Halloween is approaching fast, and this means it is time to start thinking of a costume to wear (for your virtual zoom party or around the house of course). So, this post is a reminder to everyone that one should not appropriate someone’s culture as a costume! This is Cultural Appropriation. The definition of cultural appropriation is “the adoption of an element or elements of one culture or identity by members of another culture or identity.” This could mean taking intellectual property, cultural expressions or artifacts, history and ways of knowledge, parts (symbols, artifacts, dress, practices) or any instance that is commonly associated with and/or perceived as belonging to another. A common result to cultural appropriation is commodification. Commodification is the process in which the dominant culture has the freedom and/or power to take objects or artifacts from other cultures. Through this process, the relationship between these objects or artifacts and their intrinsic value is lost.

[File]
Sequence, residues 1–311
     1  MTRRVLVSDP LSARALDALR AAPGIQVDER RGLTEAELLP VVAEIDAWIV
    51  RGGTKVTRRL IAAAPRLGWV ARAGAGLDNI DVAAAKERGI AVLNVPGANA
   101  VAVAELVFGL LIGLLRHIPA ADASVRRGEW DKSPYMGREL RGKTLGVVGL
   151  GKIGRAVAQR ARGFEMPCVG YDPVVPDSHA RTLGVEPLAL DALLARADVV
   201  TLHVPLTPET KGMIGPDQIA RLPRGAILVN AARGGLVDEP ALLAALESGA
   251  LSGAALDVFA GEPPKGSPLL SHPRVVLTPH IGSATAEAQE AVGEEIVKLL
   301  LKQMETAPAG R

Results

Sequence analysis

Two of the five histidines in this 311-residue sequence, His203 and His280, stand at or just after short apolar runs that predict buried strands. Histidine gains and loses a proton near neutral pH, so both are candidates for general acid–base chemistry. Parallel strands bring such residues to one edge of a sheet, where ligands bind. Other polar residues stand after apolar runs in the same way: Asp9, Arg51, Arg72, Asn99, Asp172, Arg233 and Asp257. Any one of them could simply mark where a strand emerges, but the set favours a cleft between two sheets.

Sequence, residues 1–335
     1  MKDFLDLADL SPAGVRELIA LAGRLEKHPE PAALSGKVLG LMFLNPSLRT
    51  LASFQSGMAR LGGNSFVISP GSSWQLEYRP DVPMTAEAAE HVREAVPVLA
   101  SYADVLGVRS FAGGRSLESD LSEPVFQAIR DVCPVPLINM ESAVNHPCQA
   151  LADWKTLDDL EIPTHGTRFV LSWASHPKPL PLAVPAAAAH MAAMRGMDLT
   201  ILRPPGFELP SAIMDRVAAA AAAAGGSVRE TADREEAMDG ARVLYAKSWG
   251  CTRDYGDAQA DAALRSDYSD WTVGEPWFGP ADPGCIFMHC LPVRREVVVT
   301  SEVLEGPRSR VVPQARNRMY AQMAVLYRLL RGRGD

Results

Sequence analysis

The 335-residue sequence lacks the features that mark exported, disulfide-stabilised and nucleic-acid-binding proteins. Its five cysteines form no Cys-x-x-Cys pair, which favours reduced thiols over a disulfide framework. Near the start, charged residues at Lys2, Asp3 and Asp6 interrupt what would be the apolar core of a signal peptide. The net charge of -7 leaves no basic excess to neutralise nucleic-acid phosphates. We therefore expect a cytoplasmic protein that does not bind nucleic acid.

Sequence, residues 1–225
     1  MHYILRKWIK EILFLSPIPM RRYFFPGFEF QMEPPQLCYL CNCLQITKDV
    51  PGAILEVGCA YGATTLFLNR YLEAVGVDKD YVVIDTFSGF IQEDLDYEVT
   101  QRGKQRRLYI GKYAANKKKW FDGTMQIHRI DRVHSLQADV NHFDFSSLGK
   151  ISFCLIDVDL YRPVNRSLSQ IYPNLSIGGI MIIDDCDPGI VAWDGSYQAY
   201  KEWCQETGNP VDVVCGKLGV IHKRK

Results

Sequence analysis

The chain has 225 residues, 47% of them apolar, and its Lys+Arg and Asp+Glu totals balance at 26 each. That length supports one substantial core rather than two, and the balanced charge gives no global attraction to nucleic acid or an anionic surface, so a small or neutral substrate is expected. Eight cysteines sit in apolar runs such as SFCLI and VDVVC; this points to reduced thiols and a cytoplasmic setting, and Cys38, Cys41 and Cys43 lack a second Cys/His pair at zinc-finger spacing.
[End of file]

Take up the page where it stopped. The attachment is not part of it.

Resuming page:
Some examples of cultural appropriation:
- black face
- simply being “a different race for halloween”
Some ways that you can address this issue:
- Reflect on yourself – ask yourself, do you know what is cultural appropriation and have you done it before?
- Talk to your friends and bring up the subject – what do they think of it?
- Reflect on your costume this year – is your costume based on someone’s race, ethnicity, or culture? Does my costume use stereotypes to make a joke or to be sexy? Is it exploiting another culture?
A good resource that I found that touches on this subject is University of Denver’s “We’re a Culture, Not a Costume” photo campaign that aims to raise awareness and create a respectful and inclusive community for the students. What do you think about cultural appropriation? I have researched this topic and have found that there is a fine line between cultural appropriation and appreciation.